Thursday, April 14, 2005

Tactical Voting

People are getting worked up over in England, in the run-up to Blair’s re-election, about whether to vote for Labour or Lib-Dems. It’s largely an exercise in trying to feel important and discuss these issues, since Labour’s victory is overwhelmingly expected. I think most commentators dream of a Labour led government, but chastised about the costs of the Iraq war.

[I note with wry amusement that Lib-Dems are becoming more and more automatically the preferred party of the Left, which says interesting things about the long term future of British politics. Labour as a continually dominant centrist-communitarian party? Lib-Dems as the dominant Left party squeezing Labour out? Who knows.]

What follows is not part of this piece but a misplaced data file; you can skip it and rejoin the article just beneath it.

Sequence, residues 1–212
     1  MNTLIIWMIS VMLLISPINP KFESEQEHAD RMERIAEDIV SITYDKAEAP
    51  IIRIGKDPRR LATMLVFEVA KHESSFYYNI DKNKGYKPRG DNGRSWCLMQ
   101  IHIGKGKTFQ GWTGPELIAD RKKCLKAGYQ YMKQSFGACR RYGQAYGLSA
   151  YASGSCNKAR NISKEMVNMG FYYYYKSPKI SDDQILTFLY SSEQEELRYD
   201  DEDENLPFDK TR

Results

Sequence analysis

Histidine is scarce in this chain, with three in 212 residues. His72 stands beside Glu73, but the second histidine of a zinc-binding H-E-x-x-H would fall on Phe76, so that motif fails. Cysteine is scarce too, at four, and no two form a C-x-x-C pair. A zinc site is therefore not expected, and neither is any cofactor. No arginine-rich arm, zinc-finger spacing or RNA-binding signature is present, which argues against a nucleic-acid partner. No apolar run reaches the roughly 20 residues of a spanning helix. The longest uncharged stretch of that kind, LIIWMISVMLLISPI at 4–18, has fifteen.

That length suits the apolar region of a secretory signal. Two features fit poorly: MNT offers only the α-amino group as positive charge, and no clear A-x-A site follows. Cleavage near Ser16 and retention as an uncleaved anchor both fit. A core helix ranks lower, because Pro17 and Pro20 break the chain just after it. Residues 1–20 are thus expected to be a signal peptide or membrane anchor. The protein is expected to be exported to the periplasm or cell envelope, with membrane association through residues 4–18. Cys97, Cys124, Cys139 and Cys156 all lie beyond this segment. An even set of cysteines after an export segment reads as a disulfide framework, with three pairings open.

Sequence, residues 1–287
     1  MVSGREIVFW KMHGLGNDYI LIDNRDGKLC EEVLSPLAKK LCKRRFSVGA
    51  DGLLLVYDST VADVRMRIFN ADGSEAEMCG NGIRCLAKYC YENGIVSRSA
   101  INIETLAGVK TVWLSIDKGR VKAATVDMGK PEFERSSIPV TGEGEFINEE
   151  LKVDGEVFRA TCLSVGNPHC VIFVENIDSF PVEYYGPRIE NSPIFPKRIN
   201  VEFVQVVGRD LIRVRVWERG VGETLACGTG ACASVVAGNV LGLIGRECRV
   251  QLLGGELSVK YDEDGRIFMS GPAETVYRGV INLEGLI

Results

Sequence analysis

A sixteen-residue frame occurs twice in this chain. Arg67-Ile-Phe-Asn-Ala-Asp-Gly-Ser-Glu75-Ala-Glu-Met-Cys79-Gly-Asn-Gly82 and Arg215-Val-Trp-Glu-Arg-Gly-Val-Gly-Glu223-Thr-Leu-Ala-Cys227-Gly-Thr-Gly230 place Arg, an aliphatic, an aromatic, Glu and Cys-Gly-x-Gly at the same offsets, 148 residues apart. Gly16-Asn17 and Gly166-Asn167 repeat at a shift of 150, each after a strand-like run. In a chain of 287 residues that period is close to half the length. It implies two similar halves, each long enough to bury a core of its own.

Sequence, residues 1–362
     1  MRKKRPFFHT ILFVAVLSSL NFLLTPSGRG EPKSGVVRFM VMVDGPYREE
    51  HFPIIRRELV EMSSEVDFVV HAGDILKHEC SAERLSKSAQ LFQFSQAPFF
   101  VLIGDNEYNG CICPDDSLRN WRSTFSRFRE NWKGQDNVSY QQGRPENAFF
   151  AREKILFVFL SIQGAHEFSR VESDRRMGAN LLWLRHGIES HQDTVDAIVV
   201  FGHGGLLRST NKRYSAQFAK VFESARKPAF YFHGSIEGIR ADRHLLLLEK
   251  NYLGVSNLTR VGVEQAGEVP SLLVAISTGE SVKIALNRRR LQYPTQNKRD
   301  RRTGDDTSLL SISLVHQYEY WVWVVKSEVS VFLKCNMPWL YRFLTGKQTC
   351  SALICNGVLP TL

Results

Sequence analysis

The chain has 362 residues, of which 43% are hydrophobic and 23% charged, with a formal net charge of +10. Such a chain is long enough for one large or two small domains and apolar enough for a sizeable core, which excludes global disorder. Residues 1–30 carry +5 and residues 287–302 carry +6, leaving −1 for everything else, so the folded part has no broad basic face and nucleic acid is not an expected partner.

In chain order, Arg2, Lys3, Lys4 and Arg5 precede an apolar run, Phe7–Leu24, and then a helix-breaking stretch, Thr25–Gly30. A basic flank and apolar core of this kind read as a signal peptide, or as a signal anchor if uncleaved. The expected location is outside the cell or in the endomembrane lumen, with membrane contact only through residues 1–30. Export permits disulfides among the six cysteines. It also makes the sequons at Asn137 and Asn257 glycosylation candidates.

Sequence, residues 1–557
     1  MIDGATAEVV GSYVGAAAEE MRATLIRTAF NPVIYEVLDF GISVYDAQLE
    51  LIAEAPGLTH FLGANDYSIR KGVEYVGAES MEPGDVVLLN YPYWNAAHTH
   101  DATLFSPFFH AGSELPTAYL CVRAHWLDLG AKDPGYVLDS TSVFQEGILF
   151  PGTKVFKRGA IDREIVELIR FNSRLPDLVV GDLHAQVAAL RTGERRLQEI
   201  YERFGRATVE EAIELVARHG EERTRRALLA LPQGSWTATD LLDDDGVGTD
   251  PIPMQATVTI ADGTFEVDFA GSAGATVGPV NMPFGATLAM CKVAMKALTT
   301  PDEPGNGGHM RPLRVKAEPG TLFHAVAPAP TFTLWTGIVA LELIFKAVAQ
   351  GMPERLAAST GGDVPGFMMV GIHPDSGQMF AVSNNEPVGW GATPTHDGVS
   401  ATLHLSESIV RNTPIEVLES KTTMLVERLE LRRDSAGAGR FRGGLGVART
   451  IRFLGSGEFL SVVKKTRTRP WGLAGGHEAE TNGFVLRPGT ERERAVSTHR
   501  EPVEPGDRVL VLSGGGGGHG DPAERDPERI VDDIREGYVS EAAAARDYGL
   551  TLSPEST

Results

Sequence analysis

Crooked Timber discusses the uselessness of tactical voting. The old saw about the economic futility of voting (the chance you’ll change the outcome times the value of a change in outcome, being very small). And if you believe that, then you probably litter too. It is certainly true that in aggregate these votes matter, and it’s a matter of social-contract that we “waste our time” doing it, so everyone else will. CT doesn’t make an argument for why voting “your preference” will actually change things, or is worth the effort more than staying home.

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